Cat Warfare Cards From Grandma Pat

For many years I have hand written cards to my grandson each week.  He likes to get mail. He also loves cats.

This fall when my grandson entered 5th grade, I began a new card series titled, “Cat Warfare.”  Each week a different picture of a cat will grace the front of the card with an appropriate historic account written for his enjoyment.

My cousin asked me to post card stories…so here they are.

I hope my card stories encourage other grandparents to write weekly to their grandchildren.  Or, just electronically share these. However, handwriting is very personal and the youth of our digital world could benefit greatly from additional human contact especially with older generations.

Oh, my grandson’s  cards are always written in cursive…just saying.

cat-army

                         Cat Surveillance 

Dear Grandson,

I know that I have written you cards every week for years, but I am really excited about this new series of cards.  I have entitled it “Cat Warfare.”  This week’s cat is a commando cat on home surveillance.  A cat can render home security services…especially against a rodents.  Since your dog is somewhat defective, it may be time for combat cat training.

Cats have been living in homes with humans for a very long time.   Domestic cats, may have been domesticated…tamed for pets…for over 12,000 years ago. People in those days were terrible polluters and did not keep their communities free from garbage and filth. For shame!  As a result mice and rat populations exploded attracting wild cats to early human settlements. Remind me to tell you sometime about how cats were the cure for the plague during the middle ages, but that is another story.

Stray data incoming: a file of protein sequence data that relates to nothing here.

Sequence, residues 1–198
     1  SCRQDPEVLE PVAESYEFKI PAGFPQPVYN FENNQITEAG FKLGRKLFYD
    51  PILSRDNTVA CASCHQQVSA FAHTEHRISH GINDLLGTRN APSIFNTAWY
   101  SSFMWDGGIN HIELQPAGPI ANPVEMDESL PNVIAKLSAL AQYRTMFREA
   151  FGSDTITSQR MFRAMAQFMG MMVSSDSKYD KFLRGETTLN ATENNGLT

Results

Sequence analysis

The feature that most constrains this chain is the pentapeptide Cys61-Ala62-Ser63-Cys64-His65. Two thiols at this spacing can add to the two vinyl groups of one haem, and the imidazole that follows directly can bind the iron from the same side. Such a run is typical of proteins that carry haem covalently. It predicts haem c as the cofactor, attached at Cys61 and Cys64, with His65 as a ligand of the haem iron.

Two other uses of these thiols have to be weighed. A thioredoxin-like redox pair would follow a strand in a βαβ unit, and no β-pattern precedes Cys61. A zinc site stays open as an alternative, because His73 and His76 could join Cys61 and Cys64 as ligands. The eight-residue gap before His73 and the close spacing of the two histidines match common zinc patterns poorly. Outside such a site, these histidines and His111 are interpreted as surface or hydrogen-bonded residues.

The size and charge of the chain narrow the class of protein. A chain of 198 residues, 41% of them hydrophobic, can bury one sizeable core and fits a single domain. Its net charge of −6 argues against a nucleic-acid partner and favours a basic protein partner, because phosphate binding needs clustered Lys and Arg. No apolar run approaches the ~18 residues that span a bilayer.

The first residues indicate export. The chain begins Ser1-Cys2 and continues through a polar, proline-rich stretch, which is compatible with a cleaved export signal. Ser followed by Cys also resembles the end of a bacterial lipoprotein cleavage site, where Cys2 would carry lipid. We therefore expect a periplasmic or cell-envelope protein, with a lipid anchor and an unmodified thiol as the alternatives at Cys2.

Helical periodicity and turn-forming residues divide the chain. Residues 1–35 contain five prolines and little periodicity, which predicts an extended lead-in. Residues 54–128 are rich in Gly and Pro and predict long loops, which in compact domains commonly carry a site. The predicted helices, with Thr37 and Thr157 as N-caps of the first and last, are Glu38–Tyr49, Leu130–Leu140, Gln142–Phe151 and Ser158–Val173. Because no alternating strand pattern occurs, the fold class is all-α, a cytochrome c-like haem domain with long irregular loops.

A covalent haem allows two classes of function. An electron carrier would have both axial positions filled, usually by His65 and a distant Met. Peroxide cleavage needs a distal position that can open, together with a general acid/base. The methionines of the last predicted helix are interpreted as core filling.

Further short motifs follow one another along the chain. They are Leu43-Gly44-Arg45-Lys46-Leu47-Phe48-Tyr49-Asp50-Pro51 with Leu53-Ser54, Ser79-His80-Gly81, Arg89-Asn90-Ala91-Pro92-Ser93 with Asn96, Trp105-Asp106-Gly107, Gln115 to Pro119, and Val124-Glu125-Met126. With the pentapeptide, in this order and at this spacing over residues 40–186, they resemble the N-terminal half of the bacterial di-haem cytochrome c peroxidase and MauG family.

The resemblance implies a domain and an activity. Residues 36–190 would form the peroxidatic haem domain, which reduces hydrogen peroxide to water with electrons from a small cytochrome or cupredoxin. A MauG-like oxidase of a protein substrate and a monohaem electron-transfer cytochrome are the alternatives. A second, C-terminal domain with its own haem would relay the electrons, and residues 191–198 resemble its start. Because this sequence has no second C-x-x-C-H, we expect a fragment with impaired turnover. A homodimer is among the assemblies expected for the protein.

During an archaeological dig in 2004 the jaw bone of a cat was found buried with a human.  It can be assumed the cat lived willing with the human and was therefore tamed.  Dating of the bone indicated that the cat was almost 12,000 years old.  I don’t know how old the human was, but he was dead for sure.

Scientists seem to think, and they do think a lot, that all domestic cats descended from a Middle Eastern wildcat, Felis sylvestris, which literally means “cat of the woods.”  In ancient Egypt this type of cat was known a “Mau” and was considered sacred. Yes, Egyptians worshiped cats among other gods. The cat goddess was called “Bast” and was worshiped for protection and to help humans make lots of babies.  We are doing to focus on the protection part, ask your dad about the other stuff.

Cats in ancient Egypt were so highly prized that they were often mummified just like the kings and queens.  Many, many cats and kittens were mummified, in fact in 1888, an Egyptian farmer uncovered a large tomb filled with over eighty thousand cat mummies.

I know that zombies can be a problem as they like to eat your brains, however you may need to refocus. It may be time to be heads up for cat mummies…Halloween is a coming!

It may seem that by the great number of cat mummies Egyptian’s love for the felines was a bit hard on the cats.  Not, so!  If anyone killed a cat in ancient Egypt the human got the death penalty.  This one Roman soldier accidentally killed a cat and a mob of angry Egyptians got him, even though the Pharaoh told them to stop.  Gruesome!

While, cat worship in Egypt went out of fashion about 300 B.C., it is important to note that Egyptian sandals are still fashionable.

I hope you have a great week at school.  It is a good thing you have your cats and trusty dog to protect you.

Lots of love and hugs,

Grandma Pat.

 

 

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2 thoughts on “Cat Warfare Cards From Grandma Pat

    1. Thank you. I have also written weekly to my Uncle who has been in a dementia care center for the past five years. Every week he looks for his letter, even though he does not often know his own children. I am sure he wouldn’t recognize me, but I always write to him about things that I remember of our lives together on the farm. Never what he would remember, but what I remember. This once great farmer got a picture of ripe corn and memories of how beautiful harvest was. When I was quite young I used to pretend he and dad were King Midas. When all that corn exits the combine at night, and is back lit by the truck lights, it looks just like molten gold. Gorgeous! I miss him. Alzheimers is hard.

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